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Re: [SCA-Archery] English Longbow

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  • Chad and Erin Wilson
    ... Thanks. I feel more medieval just holding it. Time to buy a new dozen arrows and learn to shoot it effectively. -Caedmon
    Message 1 of 28 , Dec 25, 2001
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      > Congratulations
      >
      > Howard

      Thanks. I feel more medieval just holding it. Time to buy a new dozen arrows
      and learn to shoot it effectively.

      -Caedmon
    • Howpatn@cs.com
      Longbows are different than recurves. You ll find that the draw is somewhat rougher but the release is smooth and quiet. I shoot a Martin 55# longbow drawn to
      Message 2 of 28 , Dec 25, 2001
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        Longbows are different than recurves. You'll find that the draw is somewhat
        rougher but the release is smooth and quiet. I shoot a Martin 55# longbow
        drawn to 30". If you have a true English longbow (no rest), you might want to
        invest in a glove to protect your hand. Feathers passing over bare skin at
        high speed can hurt.

        Good luck and have fun.

        If you can, get tapered arrows. They are fun to shoot and pack a punch if you
        hunt with a bow. I know an excellent arrow maker if you need arrows made.
        email me privately at howpatn@... and I'll send you his website and
        telephone no.

        Howard of Brockenhurst






        [Non-text portions of this message have been removed]
      • Nest verch Tangwystyl
        ... Congratulations. I gave my daughter a British longbow for Xmas also. We are going down to the local archery lanes to try it out this afternoon. She had
        Message 3 of 28 , Dec 26, 2001
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          --- Chad and Erin Wilson <chaderin@...> wrote:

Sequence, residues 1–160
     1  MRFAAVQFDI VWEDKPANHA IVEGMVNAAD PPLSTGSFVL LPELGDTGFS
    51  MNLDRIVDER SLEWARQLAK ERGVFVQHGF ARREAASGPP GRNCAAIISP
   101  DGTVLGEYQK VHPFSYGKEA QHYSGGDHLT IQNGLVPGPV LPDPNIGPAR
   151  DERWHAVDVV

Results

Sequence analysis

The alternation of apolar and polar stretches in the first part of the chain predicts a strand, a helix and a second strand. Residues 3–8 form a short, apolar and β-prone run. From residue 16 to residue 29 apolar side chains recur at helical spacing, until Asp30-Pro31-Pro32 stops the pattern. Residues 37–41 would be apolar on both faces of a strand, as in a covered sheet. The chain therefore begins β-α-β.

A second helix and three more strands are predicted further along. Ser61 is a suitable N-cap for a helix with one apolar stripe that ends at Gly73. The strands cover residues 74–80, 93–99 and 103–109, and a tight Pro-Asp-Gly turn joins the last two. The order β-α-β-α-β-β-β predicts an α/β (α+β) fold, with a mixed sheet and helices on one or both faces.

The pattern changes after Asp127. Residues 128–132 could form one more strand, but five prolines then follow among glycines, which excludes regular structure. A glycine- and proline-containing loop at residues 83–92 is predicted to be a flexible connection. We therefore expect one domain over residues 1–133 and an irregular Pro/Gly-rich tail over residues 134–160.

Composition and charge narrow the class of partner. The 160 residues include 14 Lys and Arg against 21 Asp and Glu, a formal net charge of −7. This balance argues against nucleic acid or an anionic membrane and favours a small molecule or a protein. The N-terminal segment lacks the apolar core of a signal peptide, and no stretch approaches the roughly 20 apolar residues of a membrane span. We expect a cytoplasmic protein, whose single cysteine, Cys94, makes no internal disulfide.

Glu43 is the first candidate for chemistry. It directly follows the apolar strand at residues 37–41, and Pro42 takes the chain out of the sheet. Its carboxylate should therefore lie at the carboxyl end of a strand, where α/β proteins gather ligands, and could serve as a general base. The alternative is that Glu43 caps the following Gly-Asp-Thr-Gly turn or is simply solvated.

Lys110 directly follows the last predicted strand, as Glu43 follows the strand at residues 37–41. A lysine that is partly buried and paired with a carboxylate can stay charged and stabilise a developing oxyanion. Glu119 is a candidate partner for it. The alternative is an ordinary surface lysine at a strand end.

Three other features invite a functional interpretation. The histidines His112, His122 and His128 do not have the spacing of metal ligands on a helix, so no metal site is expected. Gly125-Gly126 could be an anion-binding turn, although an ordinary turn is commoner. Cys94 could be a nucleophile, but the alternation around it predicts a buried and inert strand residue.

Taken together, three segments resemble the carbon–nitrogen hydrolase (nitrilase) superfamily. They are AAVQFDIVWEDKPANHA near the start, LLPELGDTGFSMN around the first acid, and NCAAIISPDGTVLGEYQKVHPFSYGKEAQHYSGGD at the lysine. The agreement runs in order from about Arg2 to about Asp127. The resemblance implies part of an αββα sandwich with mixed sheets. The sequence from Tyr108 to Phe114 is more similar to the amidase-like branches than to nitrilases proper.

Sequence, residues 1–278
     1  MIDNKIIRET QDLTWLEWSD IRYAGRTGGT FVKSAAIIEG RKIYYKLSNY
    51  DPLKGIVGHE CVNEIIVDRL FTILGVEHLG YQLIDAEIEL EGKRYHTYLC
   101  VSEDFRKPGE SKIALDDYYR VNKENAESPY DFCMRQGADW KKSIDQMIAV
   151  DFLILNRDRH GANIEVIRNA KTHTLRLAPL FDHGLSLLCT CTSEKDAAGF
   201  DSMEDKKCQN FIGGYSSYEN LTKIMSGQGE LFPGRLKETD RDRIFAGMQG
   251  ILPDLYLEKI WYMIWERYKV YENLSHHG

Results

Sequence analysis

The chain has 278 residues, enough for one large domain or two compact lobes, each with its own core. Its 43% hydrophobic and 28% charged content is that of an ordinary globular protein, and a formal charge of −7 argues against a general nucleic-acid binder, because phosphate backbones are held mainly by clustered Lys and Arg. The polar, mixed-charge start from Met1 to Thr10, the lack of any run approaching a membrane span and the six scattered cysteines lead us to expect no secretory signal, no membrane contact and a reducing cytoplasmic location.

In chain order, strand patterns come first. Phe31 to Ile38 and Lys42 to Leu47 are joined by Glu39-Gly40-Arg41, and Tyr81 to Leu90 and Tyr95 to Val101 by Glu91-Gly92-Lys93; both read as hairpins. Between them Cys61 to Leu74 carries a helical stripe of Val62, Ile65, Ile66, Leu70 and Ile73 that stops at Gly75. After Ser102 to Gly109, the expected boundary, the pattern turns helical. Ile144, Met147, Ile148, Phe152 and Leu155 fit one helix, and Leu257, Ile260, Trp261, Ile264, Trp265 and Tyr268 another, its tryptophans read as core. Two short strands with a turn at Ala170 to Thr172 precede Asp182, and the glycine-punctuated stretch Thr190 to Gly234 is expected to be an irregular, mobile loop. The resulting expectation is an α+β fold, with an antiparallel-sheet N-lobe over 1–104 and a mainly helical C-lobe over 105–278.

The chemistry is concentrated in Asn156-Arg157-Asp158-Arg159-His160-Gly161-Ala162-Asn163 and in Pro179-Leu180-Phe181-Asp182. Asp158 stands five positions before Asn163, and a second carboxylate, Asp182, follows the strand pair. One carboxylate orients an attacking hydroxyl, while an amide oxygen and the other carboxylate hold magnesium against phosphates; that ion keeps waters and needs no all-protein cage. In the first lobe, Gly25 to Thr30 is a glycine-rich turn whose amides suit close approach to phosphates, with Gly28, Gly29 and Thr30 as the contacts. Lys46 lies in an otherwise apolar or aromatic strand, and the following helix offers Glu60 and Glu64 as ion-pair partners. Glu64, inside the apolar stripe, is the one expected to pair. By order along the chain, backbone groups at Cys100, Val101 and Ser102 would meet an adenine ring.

> Finally got mine and my lady's english longbow for Christmas.
          >
          > Yay us.
          >
          > Merry Christmas.
          >
          > -Caedmon

          Congratulations. I gave my daughter a British longbow for Xmas also. We
          are going down to the local archery lanes to try it out this afternoon.
          She had been shooting with a 20 lb American flatbow. The new one is 40
          lbs, but we have a 30 lb for her to use while she works up. The 20 lb was
          woefully under weight for her. We are now the proud owners of 4 of these
          beauties.

          I shoot off my hand without a glove with no problem. However, do check
          your arrows to make sure the feather which travels over your hand is
          attached carefully. It really needs to be a smooth join. When I first got
          into longbow I put a feather right through my finger. It had not been
          attached very well. That was before I made my own arrows. My daughter will
          probably start out with a glove on her bow hand though.

          After the discussion on slipping nocking points the other day I went home
          and shecked mine. It had indeed slipped North about 1 inch. The arrows
          were flying really poorly, and my aiming point had moved, but did I make
          the connection? Not a chance. I just thought I had picked up a bad habit
          that was affecting my arrow flight. The nocking point is back where it
          belongs. The things you pick up on this list are great.

          Nest

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        • Walter Davis
          You people are really pissin me off. All of you gittin these English Longbows and I m not! Since I m too poor to buy a decent one I guess I m going to have
          Message 4 of 28 , Dec 27, 2001
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            You people are really pissin' me off. All of you gittin' these English
            Longbows and I'm not! Since I'm too poor to buy a decent one I guess I'm
            going to have to get off my lazy butt and learn how to make them. I can